Evolution and the Modern World - BIOS2500

Faculty: Faculty of Science

School: School of Biological, Earth & Environmental Sciences

Course Outline:

Campus: Sydney

Career: Undergraduate

Units of Credit: 6

EFTSL: 0.12500 (more info)

Indicative Contact Hours per Week: 3.5

CSS Contribution Charge: 2 (more info)

Tuition Fee: See Tuition Fee Schedule

Further Information: See Class Timetable

Available for General Education: Yes (more info)

View course information for previous years.


Evolution shaped the living world, from the flu virus to millions-strong colonies of leaf-cutter ants, and from simple sessile invertebrates to conscious and highly cultural humans. Darwin’s insight that evolution happens by natural selection remains, in the words of philosopher Daniel Dennett, “the most important idea anybody ever had”. Unfortunately, only a small proportion of people ever gain more than a superficial understanding of natural selection and how evolution works. And that can be problematic given the important insights that evolution provides into the most difficult and persistent problems that plague 21st Century living, including antibiotic resistance, obesity, overpopulation, income inequality, gender inequity and the ideological warfare that surround sex and family life.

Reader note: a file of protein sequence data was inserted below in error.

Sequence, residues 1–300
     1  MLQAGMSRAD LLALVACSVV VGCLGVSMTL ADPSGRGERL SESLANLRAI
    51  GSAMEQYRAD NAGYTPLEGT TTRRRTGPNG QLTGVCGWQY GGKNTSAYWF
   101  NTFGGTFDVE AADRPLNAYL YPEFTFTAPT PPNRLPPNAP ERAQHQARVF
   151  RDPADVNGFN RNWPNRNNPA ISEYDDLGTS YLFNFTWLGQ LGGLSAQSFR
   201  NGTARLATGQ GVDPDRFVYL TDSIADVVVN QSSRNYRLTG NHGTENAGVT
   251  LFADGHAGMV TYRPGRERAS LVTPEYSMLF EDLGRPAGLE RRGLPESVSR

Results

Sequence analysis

This course introduces students from all areas of the university to the power of evolutionary thinking, and how to use it responsibly to understand modern life and the controversial issues that inhere to it. In addition to introducing the original - often counterintuitive - insights evolution provides, we explore the relationships between evolutionary, social, cultural and economic processes.

Learning involves on 2-hour lecture per week, plus a 1.5-2 hour workshop in which we will explore evolution using custom-designed video games and other interactive resources and data.

Assessment comprises three quizzes and an essay. There is no final exam.

Study Levels

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